[User Picture]From: holli
2012-10-25 04:51 pm (UTC)


I believe this is appropriate, too:

[User Picture]From: helivoy
2012-10-25 04:56 pm (UTC)


Ishiguro doesn't write SF and le Carré doesn't write thrillers... because they're high quality writing and therefore cannot be genre. QED.

The great classics are all "genre hybrids". This mania with separation and ranking is a relatively recent (and peculiarly Saxon) disease. Fakínou, Tolstaya, Zafón, Calvino, Pamuk are all considered "mainstream" in their respective cultures.
[User Picture]From: andrian6
2012-10-25 05:00 pm (UTC)


I ran into an interesting essay on the literary fiction genre earlier this week. Might be an interesting companion piece.

The obligatory adultery/divorce plotline is my favorite of the 'literary genre' tropes. I heard a review of a book on NPR yesterday and, lo and behold, there was the shattered Midwestern family...
[User Picture]From: nihilistic_kid
2012-10-25 06:33 pm (UTC)


I'm a fan of Jami Attenberg's (disclosure: we went on a couple of dates about a decade ago, and Gchat occasionally) and have been looking forward to The Middlesteins for months. I'm not against the generic trope of a shattered midwestern family any more than I'm against the generic trope of an alcoholic sleuth or a lost and wandering starship. My objection is just to Krystals' apples-to-oranges comparisons and special pleasing as to his own personal tastes.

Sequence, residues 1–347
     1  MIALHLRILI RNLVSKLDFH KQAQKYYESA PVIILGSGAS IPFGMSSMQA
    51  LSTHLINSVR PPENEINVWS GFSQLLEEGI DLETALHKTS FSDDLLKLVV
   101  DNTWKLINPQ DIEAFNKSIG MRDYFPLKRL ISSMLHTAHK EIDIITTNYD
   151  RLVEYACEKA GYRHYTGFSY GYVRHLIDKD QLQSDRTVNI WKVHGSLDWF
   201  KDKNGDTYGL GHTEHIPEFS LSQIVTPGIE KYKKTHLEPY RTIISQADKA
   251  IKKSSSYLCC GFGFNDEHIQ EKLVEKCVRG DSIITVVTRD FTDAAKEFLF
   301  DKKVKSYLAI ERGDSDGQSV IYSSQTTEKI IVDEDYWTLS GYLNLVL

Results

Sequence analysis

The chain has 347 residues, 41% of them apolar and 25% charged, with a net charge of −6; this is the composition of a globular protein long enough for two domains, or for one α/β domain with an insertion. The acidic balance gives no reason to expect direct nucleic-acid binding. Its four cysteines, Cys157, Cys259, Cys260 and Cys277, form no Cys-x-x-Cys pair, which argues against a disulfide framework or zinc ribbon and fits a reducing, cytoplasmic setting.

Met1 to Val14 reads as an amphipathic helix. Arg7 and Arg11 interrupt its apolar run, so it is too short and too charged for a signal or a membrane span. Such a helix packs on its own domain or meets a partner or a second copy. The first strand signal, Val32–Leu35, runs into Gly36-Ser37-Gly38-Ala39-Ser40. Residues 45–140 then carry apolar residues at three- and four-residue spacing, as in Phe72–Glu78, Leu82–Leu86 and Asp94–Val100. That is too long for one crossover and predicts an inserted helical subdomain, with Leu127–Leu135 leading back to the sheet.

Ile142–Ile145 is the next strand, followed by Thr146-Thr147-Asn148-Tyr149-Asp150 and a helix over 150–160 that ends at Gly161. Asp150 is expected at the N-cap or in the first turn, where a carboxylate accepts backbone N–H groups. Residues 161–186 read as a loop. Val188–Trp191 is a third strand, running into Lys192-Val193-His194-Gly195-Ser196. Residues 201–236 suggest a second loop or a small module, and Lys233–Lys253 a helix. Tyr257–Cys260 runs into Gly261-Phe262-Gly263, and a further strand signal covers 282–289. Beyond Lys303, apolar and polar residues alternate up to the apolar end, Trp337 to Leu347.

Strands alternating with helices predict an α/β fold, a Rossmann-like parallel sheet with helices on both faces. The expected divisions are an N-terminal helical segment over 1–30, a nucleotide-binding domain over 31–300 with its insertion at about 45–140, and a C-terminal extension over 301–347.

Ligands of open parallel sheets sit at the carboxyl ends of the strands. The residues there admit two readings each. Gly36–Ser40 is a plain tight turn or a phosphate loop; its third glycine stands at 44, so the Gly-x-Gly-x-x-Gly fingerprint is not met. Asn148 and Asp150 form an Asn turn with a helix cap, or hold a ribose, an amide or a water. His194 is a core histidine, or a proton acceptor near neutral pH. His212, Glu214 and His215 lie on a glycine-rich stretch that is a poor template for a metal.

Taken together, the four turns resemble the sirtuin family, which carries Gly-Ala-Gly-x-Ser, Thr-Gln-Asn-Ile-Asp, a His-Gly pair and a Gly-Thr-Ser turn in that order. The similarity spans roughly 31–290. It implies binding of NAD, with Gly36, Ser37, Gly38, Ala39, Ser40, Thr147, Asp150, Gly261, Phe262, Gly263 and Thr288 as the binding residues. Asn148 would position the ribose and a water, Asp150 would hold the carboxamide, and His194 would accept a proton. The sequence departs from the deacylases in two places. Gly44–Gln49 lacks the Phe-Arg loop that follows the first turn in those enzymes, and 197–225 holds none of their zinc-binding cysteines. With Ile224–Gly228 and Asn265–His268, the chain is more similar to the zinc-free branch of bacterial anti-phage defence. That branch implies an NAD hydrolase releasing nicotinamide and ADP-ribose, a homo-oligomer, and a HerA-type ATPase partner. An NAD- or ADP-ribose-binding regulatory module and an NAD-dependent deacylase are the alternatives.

[User Picture]From: andrian6
2012-10-25 08:50 pm (UTC)


I'm a fan of Jami Attenberg's (disclosure: we went on a couple of dates about a decade ago, and Gchat occasionally) and have been looking forward to The Middlesteins for months.

When I read this I became, for the briefest of moments, the guy standing on the left side of the Metro escalator. I wasn't selecting Ms. Attenberg's work in particular or disparaging it, gods no. It was quite literally the last book review I heard on NPR and it sent the mental dominoes tumbling.

(And somewhere, Sting sings about a dark Scottish lake.)

My thinking was, if the only difference between "literary fiction" and "genre fiction" was the tropes you decided to play with then (or market by) then all these distinctions are artificial.

They only exist for the same reason little boys put "No girl cooties" signs outside their treehouses. And it operates on about the same level of maturity.
[User Picture]From: jimkeller